Azure vs AWS

It’s Azure vs AWS!! Read this blog to know the major differences between Azure & AWS.

What is Azure?

Microsoft Azure is a cloud computing service created by Microsoft for building, testing, deploying and managing applications and services through Microsoft-managed data centres. Founded in 2010, it can be operated on both Linux and Microsoft. Azure is a uniquely powerful offering because of its builder, Microsoft.

Azure offers Platform as a Service (PaaS) and an Infrastructure as a Service (IaaS)

What is AWS?

AWS is a subsidiary of Amazon providing on-demand cloud computing services and APIs to individuals, companies and government on a metered pay-as-you-go basis. Founded in 2006, Aws runs on Amazon Linux, which is a modified Linux operating system developed for their own use. The vast toolset of AWS is growing at an exponential rate. It’s been in the cloud computing market for more than 10 years, which means that AWS is the frontrunner and has been for some time.

AWS offering services are categorised as Platform as a Service (PaaS), Infrastructure as a Service (IaaS), and Software as a Service (Saas).

Features and Services

1.    Computing Power

  • AWS EC2 users can configure their own virtual machines (VMs), choose pre-configured machine images (MIs), or customize MIs. Users have the freedom to choose the size, power, memory capacity, and number of VMs they wish to use. 
  • Azure users, on the other hand, chose a virtual hard disk (VHD) to create a VM. This can be pre-configured by Microsoft, the user, or a separate third party. It relies on virtual scale sets for scalability purposes. 

2. Storage

  • AWS’s storage relies on machine instances, which are virtual machines hosted on AWS infrastructure. Temporary storage is allocated once per instance and destroyed when an instance is terminated. You can also get block storage attached to an instance, similar to a hard drive. AWS’s cloud object storage solution offers high availability and automatic replication across regions.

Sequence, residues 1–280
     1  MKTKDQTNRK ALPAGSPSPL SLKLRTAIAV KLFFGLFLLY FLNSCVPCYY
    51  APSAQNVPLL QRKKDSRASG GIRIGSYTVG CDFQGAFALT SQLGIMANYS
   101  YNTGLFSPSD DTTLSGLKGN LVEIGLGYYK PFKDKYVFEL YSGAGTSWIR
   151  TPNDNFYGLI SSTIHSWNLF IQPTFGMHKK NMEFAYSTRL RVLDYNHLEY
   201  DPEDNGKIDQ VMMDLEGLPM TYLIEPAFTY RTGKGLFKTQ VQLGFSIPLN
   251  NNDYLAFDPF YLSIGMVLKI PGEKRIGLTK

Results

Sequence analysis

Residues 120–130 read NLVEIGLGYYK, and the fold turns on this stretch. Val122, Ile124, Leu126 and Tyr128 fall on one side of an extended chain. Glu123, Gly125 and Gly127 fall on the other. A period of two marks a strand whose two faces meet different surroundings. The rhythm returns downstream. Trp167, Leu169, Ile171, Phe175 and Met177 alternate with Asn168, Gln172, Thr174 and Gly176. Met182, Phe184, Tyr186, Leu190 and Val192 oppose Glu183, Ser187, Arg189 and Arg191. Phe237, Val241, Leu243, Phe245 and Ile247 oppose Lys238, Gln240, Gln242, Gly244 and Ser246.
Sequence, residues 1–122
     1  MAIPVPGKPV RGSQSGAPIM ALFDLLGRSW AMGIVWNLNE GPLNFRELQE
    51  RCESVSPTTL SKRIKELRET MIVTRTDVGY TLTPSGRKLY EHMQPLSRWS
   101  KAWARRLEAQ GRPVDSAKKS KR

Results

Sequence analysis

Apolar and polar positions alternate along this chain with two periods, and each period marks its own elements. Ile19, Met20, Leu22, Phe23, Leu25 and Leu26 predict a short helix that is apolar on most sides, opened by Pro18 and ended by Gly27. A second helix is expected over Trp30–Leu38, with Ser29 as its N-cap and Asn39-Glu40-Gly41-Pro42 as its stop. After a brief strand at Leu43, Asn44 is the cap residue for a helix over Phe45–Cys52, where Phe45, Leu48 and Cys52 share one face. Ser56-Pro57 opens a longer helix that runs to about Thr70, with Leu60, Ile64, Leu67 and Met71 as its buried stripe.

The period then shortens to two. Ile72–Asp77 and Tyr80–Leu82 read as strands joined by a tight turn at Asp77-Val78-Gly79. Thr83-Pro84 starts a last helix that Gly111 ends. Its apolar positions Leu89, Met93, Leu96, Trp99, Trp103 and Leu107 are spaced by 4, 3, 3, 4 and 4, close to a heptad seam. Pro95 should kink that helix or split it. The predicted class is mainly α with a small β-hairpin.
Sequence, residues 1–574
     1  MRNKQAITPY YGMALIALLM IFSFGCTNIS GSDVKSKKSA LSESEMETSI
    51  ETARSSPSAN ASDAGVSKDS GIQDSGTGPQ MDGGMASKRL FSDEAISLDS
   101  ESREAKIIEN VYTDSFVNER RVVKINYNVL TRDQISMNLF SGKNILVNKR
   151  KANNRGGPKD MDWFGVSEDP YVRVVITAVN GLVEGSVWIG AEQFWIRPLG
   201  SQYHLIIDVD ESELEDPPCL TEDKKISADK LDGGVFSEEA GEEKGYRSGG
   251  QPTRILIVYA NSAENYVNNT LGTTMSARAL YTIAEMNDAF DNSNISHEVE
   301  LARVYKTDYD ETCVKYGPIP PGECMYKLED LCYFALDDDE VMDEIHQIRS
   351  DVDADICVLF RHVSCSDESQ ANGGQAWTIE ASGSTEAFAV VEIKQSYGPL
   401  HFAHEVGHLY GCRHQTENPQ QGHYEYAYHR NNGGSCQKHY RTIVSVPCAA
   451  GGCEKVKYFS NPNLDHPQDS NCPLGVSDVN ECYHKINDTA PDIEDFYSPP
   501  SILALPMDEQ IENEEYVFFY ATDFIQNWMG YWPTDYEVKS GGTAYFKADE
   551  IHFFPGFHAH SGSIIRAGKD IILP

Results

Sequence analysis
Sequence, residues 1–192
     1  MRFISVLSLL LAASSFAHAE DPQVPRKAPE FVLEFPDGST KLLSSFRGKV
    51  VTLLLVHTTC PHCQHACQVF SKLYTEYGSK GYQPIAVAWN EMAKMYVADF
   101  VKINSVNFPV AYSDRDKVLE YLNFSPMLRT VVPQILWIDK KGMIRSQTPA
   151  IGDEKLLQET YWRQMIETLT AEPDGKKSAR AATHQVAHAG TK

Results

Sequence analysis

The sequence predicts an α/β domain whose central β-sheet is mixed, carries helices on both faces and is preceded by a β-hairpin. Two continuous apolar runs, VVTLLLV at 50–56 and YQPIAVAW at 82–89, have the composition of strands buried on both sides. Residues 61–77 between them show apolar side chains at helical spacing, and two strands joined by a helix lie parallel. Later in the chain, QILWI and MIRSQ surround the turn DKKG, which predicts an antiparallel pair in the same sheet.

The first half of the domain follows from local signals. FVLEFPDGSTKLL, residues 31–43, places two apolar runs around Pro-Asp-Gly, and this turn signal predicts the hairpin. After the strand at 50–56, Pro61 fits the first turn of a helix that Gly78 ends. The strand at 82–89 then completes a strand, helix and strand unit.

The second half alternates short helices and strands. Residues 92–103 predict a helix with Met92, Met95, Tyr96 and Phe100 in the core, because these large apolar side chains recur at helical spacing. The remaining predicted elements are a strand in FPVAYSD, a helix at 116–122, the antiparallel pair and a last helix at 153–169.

• Azure offers temporary storage through D drive and block storage through Page Blobs for VMs, with Block Blobs and Files doubling as object storage. It supports relational databases, Big Data, and NoSQL through Azure Table and HDInsight. There are two classes of storage offered by Azure -Hot and Cool. Cool storage is comparatively less pricey than Hot, but one has to incur additional read and write costs.

3. Databases

AWS works perfectly with NoSQL and relational databases providing a mature cloud environment for big data. AWS’ core analytics offering EMR helps set up an EC2 cluster and provides integration with various AWS services. Amazon’s relational database service (RDS) supports six popular database engines: 

  1. Amazon Aurora
  2. MariaDB
  3. Microsoft SQL
  4. MySQL
  5. Oracle
  6. PostgreSQL

Azure’s SQL database, on the other hand, is based solely on Microsoft SQL.  Azure supports both NoSQL and relational databases and as well Big Data through Azure HDInsight and Azure table. Azure provides analytical products through its exclusive Cortana Intelligence Suite that comes with Hadoop, Spark, Storm, and HBase. 

4.  Network and Content Delivery

  • AWS uses a virtual private cloud (VPC) so that users can create isolated private networks within the cloud. From there, it uses API gateways for cross-premises connectivity. To ensure smooth operation, it uses elastic load balancing during networking. A user can create route tables, private IP address ranges, subnets, and network gateways within a VPC. 
  • Instead of a VPC, Azure uses a Virtual Network (VNET) that grants users the ability to create isolated networks, as well as subnets, private IP ranges, route tables, and network gateways. 
  • Both AWS and Azure offer firewall options and solutions to extend your on-premises data centre into the cloud without compromising your data. 

5.  Pricing

  • AWS provides a pay-as-you-go model and charges per hour. AWS can help you save more with increased usage- the more you use, the less you pay. AWS instances can be purchased based on one of the following models –
  • Reserved Instances – Paying an upfront cost based on the use, one can reserve an instance for 1 to 3 years.
  • On-demand Instances -Just pay for what you use without paying any upfront cost.
  • Spot Instances- Bid for extra capacity based on availability.
  • Azure charges per minute, offering a more exact pricing model than AWS. It also offers short-term commitments allowing you to choose between monthly or pre-paid charges

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